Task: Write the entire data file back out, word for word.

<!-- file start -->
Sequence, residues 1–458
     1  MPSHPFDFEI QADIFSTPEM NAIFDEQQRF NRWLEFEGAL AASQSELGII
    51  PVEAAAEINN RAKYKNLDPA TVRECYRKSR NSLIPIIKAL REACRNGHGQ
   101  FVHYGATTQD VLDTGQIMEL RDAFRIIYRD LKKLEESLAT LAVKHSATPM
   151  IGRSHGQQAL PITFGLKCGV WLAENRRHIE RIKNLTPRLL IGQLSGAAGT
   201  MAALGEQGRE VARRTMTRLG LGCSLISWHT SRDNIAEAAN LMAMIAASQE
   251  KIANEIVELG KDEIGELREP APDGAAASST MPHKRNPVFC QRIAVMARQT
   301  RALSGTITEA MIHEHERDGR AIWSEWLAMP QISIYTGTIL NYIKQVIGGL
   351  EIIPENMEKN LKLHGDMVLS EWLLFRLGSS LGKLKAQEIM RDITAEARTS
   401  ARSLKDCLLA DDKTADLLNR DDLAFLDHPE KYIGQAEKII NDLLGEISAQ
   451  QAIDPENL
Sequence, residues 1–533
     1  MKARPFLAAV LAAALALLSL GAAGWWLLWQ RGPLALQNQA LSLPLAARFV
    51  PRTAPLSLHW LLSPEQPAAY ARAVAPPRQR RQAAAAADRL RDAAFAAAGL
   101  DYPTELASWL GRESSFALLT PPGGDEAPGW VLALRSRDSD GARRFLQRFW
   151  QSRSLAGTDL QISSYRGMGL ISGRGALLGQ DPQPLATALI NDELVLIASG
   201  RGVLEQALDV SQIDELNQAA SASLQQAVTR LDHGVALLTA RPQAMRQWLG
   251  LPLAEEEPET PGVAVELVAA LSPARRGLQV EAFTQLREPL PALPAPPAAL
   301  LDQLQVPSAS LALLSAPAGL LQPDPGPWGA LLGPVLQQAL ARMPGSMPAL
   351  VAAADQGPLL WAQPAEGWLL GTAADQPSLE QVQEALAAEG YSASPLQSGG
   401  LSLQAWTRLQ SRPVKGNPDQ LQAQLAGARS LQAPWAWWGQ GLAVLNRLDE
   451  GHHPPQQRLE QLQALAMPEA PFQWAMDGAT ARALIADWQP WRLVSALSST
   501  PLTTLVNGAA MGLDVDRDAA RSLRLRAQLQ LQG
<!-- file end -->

Sequence, residues 1–458
     1  MPSHPFDFEI QADIFSTPEM NAIFDEQQRF NRWLEFEGAL AASQSELGII
    51  PVEAAAEINN RAKYKNLDPA TVRECYRKSR NSLIPIIKAL REACRNGHGQ
   101  FVHYGATTQD VLDTGQIMEL RDAFRIIYRD LKKLEESLAT LAVKHSATPM
   151  IGRSHGQQAL PITFGLKCGV WLAENRRHIE RIKNLTPRLL IGQLSGAAGT
   201  MAALGEQGRE VARRTMTRLG LGCSLISWHT SRDNIAEAAN LMAMIAASQE
   251  KIANEIVELG KDEIGELREP APDGAAASST MPHKRNPVFC QRIAVMARQT
   301  RALSGTITEA MIHEHERDGR AIWSEWLAMP QISIYTGTIL NYIKQVIGGL
   351  EIIPENMEKN LKLHGDMVLS EWLLFRLGSS LGKLKAQEIM RDITAEARTS
   401  ARSLKDCLLA DDKTADLLNR DDLAFLDHPE KYIGQAEKII NDLLGEISAQ
   451  QAIDPENL
Sequence, residues 1–533
     1  MKARPFLAAV LAAALALLSL GAAGWWLLWQ RGPLALQNQA LSLPLAARFV
    51  PRTAPLSLHW LLSPEQPAAY ARAVAPPRQR RQAAAAADRL RDAAFAAAGL
   101  DYPTELASWL GRESSFALLT PPGGDEAPGW VLALRSRDSD GARRFLQRFW
   151  QSRSLAGTDL QISSYRGMGL ISGRGALLGQ DPQPLATALI NDELVLIASG
   201  RGVLEQALDV SQIDELNQAA SASLQQAVTR LDHGVALLTA RPQAMRQWLG
   251  LPLAEEEPET PGVAVELVAA LSPARRGLQV EAFTQLREPL PALPAPPAAL
   301  LDQLQVPSAS LALLSAPAGL LQPDPGPWGA LLGPVLQQAL ARMPGSMPAL
   351  VAAADQGPLL WAQPAEGWLL GTAADQPSLE QVQEALAAEG YSASPLQSGG
   401  LSLQAWTRLQ SRPVKGNPDQ LQAQLAGARS LQAPWAWWGQ GLAVLNRLDE
   451  GHHPPQQRLE QLQALAMPEA PFQWAMDGAT ARALIADWQP WRLVSALSST
   501  PLTTLVNGAA MGLDVDRDAA RSLRLRAQLQ LQG